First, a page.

Nate Platzner/Contributing Photographer Sharon Ball, former 2017 Democratic state legislative candidate, speaks at the YWCA on Saturday.

With a mission to empower women and eliminate racism, the Young Women’s Christian Association (YWCA) of Binghamton and Broome County hosted its annual Stand Against Racism campaign at its Downtown Binghamton facility on Saturday.

According to Jennifer Spencer, board member of the YWCA and a third-year graduate student studying public administration, the event was hosted in conjunction with 2018 midterm elections to stress the importance of voting and women in politics.

“This April, the theme was ‘our power, our mission, our future,’ and so we really wanted to be able to engage young people — hearing their voices and getting politically involved, becoming voters,” Spencer said. “We really wanted to tackle issues that impacted women, particularly women of color.”

The event comes just days after the YWCA released a statement on Facebook alleging that the Binghamton Police Department used “excessive force” while responding to a domestic dispute on YWCA property, an account that city of Binghamton Mayor Rich David and Binghamton Police Chief Joseph Zikuski have disputed. Despite the recent allegations, there was no mention of the incident at the event.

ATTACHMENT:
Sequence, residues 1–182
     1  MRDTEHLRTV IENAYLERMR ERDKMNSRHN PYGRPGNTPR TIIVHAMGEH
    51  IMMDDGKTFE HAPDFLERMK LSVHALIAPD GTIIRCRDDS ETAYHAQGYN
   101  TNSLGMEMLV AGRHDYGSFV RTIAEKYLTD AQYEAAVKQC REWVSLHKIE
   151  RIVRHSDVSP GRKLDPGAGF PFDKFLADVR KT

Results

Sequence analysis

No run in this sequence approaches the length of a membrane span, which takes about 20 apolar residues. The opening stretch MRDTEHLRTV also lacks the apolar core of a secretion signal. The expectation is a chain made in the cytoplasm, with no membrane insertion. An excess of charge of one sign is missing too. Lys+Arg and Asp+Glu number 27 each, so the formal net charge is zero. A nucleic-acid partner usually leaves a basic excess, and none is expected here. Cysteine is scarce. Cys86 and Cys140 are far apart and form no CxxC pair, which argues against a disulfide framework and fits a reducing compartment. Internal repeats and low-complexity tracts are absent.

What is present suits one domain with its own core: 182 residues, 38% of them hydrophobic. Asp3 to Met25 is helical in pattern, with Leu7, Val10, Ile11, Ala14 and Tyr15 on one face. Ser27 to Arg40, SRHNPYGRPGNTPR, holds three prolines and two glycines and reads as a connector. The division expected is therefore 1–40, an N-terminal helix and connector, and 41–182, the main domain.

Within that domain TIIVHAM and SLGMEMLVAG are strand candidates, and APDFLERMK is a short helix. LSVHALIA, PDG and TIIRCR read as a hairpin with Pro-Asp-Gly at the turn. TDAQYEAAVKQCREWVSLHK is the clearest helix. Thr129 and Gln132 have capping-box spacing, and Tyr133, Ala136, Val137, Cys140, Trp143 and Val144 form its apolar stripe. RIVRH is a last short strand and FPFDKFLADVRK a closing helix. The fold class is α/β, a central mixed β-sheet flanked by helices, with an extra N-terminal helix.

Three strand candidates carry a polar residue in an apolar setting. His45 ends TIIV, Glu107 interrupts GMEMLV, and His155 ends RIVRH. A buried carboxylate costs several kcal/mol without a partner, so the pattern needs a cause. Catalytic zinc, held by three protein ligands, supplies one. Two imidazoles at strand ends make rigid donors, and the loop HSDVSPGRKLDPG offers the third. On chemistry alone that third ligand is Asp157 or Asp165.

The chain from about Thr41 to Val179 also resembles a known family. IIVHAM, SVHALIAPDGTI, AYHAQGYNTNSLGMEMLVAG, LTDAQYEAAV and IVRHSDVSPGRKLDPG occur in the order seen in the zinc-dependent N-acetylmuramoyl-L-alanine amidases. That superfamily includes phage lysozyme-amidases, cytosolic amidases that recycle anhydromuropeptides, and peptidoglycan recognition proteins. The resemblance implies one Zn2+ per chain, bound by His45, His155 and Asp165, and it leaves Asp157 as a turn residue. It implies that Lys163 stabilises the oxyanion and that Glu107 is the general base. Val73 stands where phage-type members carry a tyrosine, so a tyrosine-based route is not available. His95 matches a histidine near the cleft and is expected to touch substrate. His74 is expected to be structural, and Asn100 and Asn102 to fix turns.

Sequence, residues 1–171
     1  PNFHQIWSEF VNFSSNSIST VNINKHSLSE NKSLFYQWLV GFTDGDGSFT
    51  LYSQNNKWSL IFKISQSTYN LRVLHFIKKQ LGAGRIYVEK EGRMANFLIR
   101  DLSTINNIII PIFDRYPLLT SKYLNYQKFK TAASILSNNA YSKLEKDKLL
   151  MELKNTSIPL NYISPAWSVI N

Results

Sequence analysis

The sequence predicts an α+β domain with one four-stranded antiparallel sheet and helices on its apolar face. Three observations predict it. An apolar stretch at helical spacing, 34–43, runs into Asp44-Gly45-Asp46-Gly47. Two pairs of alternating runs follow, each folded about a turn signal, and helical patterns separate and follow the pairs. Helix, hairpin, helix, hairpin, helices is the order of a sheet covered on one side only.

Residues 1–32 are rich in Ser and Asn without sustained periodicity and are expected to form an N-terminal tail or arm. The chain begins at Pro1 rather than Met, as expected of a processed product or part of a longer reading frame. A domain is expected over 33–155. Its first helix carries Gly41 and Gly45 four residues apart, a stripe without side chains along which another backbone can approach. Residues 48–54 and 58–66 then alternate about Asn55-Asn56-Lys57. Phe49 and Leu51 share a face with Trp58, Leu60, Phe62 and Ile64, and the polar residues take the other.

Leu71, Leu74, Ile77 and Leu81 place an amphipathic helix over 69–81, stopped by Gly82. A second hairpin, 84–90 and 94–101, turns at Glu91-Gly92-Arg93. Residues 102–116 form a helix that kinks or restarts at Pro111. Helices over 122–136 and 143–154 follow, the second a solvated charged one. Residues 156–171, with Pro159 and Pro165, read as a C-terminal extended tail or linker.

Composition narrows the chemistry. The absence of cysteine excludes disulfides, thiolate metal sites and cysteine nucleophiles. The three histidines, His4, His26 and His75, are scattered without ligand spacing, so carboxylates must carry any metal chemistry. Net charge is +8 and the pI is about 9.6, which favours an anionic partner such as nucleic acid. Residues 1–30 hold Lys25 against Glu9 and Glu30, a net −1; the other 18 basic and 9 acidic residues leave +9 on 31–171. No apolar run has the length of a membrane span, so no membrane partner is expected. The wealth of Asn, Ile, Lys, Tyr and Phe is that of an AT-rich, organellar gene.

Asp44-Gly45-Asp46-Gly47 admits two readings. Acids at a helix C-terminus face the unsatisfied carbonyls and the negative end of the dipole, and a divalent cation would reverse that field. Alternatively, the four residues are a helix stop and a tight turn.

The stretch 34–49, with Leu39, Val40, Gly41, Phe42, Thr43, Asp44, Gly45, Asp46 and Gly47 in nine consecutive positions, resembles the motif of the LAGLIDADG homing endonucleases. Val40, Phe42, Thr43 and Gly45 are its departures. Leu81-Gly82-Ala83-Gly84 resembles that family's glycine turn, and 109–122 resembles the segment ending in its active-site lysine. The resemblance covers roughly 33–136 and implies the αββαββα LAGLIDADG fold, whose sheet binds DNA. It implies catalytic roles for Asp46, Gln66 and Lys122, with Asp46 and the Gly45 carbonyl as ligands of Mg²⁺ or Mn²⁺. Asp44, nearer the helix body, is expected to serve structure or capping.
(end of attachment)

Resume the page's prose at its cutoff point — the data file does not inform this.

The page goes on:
Sharon Ball, former 2017 Democratic state legislative candidate, gave the keynote address. According to Ball, voting is a type of enlightened self-interest because the laws and regulations politicians pass affect every aspect of people’s lives.

“I vote because people died so that I can go to the polls and cast my ballot,” Ball said. “It doesn’t matter that sometimes the candidate that I vote for and the cause that I hope for does not win [or] do not win the election. It matters that the people who do win know that a whole bunch of people like me have spoken with our vote and show them that they’re going to have to work to stay in office.”

Zenzele Franklin, a sophomore majoring in computer science and public relations chair of the National Society of Black Engineers, said she attended the event to learn more about the voting process.

“I’m not completely in tune with what’s going on around me outside of Binghamton or outside of campus,” Franklin said. “I feel like this would be helpful in learning about the different policies and learning about rights.”

The event also featured a voting rights session from BU’s Center for Civic Engagement and a discussion from members of Family Planning of South Central New York about affordable and accessible health care. According to Carole Coppens, executive director of the YWCA, it’s important for people to use their voting privilege.

“Don’t sit on the sidelines — as a woman, it is more critical and important than ever,” Coppens said. “If you see [racism], speak out against it. Do some research, talk to people who are working in the field but don’t sit on the sidelines.”

Spencer said she hoped attendees realized the importance of their vote and voice.

“I think sometimes young people are dismissed,” Spencer said. “I really just hope that participants feel that no matter what age you are, you can have a voice and you can be a part of the political process and have your voice heard.”